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Collection Inside an American Factory: Films of the Westinghouse Works, 1904

"A Big Man With a Hundred Thousand Horsepower Inside"

(Excerpt from The Wilmerding News, September 30, 1904)

--George Westinghouse, Controls 25,000 Men--
--THE GENIUS OF THE AGE--
--One Day of His Personal Work in This District--

A big man, with a hundred thousand horse power inside him; a masterful man, with 25,000 men directly under his leadership; a man who controls whatever he touches; an absolute ruler, as absolute as the Czar. George Westinghouse is a trained engineer, an inventor, a manufacturer and a financier. The combination is unique, writes Arthur Warren in the New York Times.

[Erksine Park, Estate of Geo. Westinghouse, Lenox, Mass.]

Other men have won high places in commerce and industry, have been, and are, great forces. But they have not worked in his single-handed fashion. They have had strong partners, they have surrounded themselves with men of money. But this man has no partners, and you do not hear his name associated with groups of assistant multi-millionaires. He stands apart like a tower that draws all attention to itself by its altitude, its proportions and position.

All his interests, it is true, are in company form, incorporated; but he controls the companies and his word is the law that governs their energies. These organizations afford the most conspicuous example of one-man power in the industrial world today. They are not American enterprises only; they are international. There are nine manufacturing companies of his in the United States, one in Canada and five in Europe--two of the latter being in England, one in France, one in Germany and one in Russia. In New York there is also a great company of contracting engineers. In Pittsburg there is a financial company, and in London another...This business system is imperial in plan and operation. It is a world-encircling empire with an absolute monarch at its head...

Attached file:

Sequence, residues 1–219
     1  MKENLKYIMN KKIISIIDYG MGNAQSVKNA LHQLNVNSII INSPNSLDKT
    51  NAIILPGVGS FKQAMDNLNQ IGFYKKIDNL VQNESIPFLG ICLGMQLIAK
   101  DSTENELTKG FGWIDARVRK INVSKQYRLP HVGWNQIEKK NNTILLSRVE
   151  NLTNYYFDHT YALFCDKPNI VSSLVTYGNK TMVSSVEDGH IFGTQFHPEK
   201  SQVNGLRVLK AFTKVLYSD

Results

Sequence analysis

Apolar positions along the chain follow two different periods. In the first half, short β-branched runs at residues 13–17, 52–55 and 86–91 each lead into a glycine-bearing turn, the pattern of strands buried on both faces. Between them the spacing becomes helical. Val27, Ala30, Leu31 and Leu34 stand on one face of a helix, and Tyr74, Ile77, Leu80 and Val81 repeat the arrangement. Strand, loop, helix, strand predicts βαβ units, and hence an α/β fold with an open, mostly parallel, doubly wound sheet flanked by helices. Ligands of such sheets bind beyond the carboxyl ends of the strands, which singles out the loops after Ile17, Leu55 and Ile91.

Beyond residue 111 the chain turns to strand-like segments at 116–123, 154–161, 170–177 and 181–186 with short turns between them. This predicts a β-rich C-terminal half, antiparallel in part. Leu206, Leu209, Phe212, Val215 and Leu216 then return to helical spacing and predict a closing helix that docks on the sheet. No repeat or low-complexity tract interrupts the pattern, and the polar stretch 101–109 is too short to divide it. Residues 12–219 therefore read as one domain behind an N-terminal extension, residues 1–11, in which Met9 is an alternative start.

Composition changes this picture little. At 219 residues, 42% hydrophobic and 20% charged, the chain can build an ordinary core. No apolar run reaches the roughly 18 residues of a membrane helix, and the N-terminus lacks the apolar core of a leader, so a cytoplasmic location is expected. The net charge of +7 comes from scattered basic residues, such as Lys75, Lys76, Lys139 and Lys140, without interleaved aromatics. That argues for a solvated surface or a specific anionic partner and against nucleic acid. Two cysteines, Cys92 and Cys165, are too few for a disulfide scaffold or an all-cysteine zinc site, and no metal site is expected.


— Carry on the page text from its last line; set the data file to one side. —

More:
Stephenson taught us how to move a railroad train; Westinghouse taught us how to control its movements, and he made modern railway traffic possible. We could not travel at the speed we do, nor operate the long and heavy trains, without being able to regulate their movements perfectly and instantly. The Westinghouse brake is the device by which the end is gained. Wherever there are railways you will find this brake...

Having shown the world how to stop a train, he next undertook to show when to stop it. He invented signaling systems and formed a company to manufacture them.

Applying electricity to signaling work, he was led further afield. Electricity fascinated his imagination. He began to experiment with it in other directions, and fitted up a laboratory for research work. In 1885 or 1886 he organized the Westinghouse Electric Company, which has outgrown all its other undertakings....

Everybody said he was reckless. That didn't matter. Then they tried to stop him. He increased his efforts. Experts, competitors, scientific men, at home and abroad, prophesied failure. As he didn't fail they filled the air with cries of "public danger." Prohibitive legislation was invoked in a dozen States (or were they 22?) on the ground that by the use of the alternating current the risk to human life and property would be so great that the system should be forbidden by law. But Westinghouse went on and succeeded; the opposition spluttered and died, and for years past the great developments in electrical work have been through the alternating current systems.

He organized an engine-building company, built steam engines, gas engines, and was the first man in the United States to undertake seriously the development of the steam turbine. He acquired the Parsons turbine patents for America. He organized an incandescent lamp company, the Nernst Lamp company, and a company for manufacturing the Cooper-Hewitt lamp. He will organize a company without more ado than another man will make over eating his breakfast. I have known him at the breakfast table buy a copper mine, send a man to Europe to investigate a newly announced electrical discovery, and give instructions for a series of experiments to be made in some entirely new direction.